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JIM SHEA January is no time for keeping promises

December 30, 2018

The arrival of a new year always reminds me of a graduation speech.

We’ve all been there.

As the graduates fidget in their seats, checking their phones and thinking about the parties to follow, some geezer or geezerette stands at the podium droning on with advice and encouragement.

Usually it goes something like:

“And as I look out on your bright and shining faces full of promise and tomorrow I think about a beacon on a distant hill that is your destiny beckoning you to follow your dreams. For with you rests the hope for mankind.”

This last line, of course, always creates an additional bit of restiveness in the audience as parents catch each other’s eye and whisper: “God help us.”

Anyway.

New Year’s Day is like a commencement address to ourselves. It is the turning point where we look ahead and fantasize a future in which we will be better, do better, live better.

It is while enveloped in this annual bout of magical thinking that we make our first major mistake of the year. We make resolutions.

The problem with making promises to ourselves at this time of the year — and I believe we may have discussed this in the past — is that we schedule them to begin immediately.

January in the Northeast is not a time to start anything that involves denial or self discipline.

January in the Northeast is a time to focus on one thing and one thing only, getting through the month while remaining connected to our families, our jobs and reality.

The calendar aside, the other reason New Year’s Day resolutions are doomed to failure is that they are always overly ambitious.

Take weight loss.

“I’m going to drop 20 pounds.”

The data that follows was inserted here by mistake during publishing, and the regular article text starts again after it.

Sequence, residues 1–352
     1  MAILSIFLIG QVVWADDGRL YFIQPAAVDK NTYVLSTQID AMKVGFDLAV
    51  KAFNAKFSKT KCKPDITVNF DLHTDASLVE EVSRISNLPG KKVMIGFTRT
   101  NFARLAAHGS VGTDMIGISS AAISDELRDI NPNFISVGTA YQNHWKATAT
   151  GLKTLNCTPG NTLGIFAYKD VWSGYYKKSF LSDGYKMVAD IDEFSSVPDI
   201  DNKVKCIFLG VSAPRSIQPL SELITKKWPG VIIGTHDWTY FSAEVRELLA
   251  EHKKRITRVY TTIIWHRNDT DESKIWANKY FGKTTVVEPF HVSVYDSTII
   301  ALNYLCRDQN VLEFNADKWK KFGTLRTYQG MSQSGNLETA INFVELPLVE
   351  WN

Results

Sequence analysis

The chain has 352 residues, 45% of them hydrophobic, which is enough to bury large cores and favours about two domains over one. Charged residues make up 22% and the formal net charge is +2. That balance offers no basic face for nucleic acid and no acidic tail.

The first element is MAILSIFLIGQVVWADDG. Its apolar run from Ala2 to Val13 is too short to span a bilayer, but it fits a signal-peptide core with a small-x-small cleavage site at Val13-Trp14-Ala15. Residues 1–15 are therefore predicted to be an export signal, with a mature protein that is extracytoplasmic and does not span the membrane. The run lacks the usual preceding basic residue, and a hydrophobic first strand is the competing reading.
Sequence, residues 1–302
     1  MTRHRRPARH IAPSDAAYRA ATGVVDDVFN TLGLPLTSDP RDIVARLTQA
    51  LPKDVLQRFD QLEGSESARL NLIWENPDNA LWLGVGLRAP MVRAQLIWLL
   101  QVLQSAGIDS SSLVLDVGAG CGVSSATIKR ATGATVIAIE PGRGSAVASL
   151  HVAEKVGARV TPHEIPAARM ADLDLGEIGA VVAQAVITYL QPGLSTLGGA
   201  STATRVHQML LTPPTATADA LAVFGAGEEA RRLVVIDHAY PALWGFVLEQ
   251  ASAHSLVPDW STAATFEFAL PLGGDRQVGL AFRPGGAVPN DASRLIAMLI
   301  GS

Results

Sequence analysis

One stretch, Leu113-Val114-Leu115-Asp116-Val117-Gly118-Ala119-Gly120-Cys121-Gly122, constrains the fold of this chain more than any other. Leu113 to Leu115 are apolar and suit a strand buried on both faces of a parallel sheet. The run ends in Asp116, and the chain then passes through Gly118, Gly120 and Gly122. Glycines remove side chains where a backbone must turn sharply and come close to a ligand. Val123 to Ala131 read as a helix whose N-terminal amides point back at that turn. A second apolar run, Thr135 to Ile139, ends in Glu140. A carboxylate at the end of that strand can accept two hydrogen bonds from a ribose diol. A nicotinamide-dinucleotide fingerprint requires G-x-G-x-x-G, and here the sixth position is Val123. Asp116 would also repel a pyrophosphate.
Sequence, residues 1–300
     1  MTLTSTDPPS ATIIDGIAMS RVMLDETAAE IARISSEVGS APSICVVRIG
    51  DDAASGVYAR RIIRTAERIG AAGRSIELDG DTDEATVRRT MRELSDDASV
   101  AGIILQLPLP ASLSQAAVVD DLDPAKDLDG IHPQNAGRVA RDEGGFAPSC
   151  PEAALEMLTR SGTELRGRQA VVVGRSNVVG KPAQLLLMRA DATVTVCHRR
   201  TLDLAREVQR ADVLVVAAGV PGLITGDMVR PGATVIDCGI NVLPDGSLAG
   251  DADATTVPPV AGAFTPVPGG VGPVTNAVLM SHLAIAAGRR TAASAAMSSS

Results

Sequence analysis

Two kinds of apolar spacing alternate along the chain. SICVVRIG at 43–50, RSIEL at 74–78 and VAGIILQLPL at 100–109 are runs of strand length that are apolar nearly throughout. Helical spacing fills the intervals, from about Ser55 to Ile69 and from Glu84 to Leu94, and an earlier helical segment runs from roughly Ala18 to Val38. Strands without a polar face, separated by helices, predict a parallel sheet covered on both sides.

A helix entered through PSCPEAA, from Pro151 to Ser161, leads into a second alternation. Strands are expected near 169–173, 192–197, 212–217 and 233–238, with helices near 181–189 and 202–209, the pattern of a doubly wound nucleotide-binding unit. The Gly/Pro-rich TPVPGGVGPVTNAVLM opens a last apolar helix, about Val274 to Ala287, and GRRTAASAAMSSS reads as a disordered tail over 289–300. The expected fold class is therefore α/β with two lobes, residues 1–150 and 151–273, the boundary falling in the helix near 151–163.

And we all hope you do. But in January? The only people who lose weight in January are those who have the flu. If you insist on making a weight-loss pledge on oh1/oh1/2019 it is probably a good idea to dial it back to something more realistic.

For example: By the end of January, I resolve to still be able to fit into my extra-roomy winter fat clothes.

Another common aspiration made while in the throes of new year’s optimism involves exercise.

Granted, exercise is an admirable pursuit. But look out the window. The wind is blowing, the thermometer is frozen in place, the snow on the sidewalk has turned to boiler-plate ice. Is this an environment to which a rationale human being is going to voluntarily expose himself on a regular basis?

Sure, you can go to a health club for exercise, but that involves doing mindless minutes on a stationary apparatus. In my experience, the level of boredom sustained from walking five miles on a treadmill is as close as one can come to having a grand-mal seizure without actually losing consciousness.

(This soul-sucking tedium also accounts for why all those well-intended Christmas treadmills are functioning primarily as clothes racks by the month’s end.)

The other major resolution people make relates to their personal finances. Unlike the previously mentioned resolutions, this is one that needs to be pursued in January for the obvious reason. After the holiday spending spree, avoiding the modern equivalent of debtors’ prison (bankruptcy) is a priority if you want to continue enjoying the lifestyle to which you and your Visa have become accustomed.

Fortunately, the path leading to a whole new solvent you is straightforward. You apply for a new credit card with a higher limit and lower interest rate, which you then use to pay off that old maxed-out card with the usury rate. Now, that’s the way to start the year off on a positive note.

You would think commencement speakers might mention this.

Jim Shea is a lifelong Connecticut resident and journalist. jimboshea@gmail.com; Twitter: @jimboshea.

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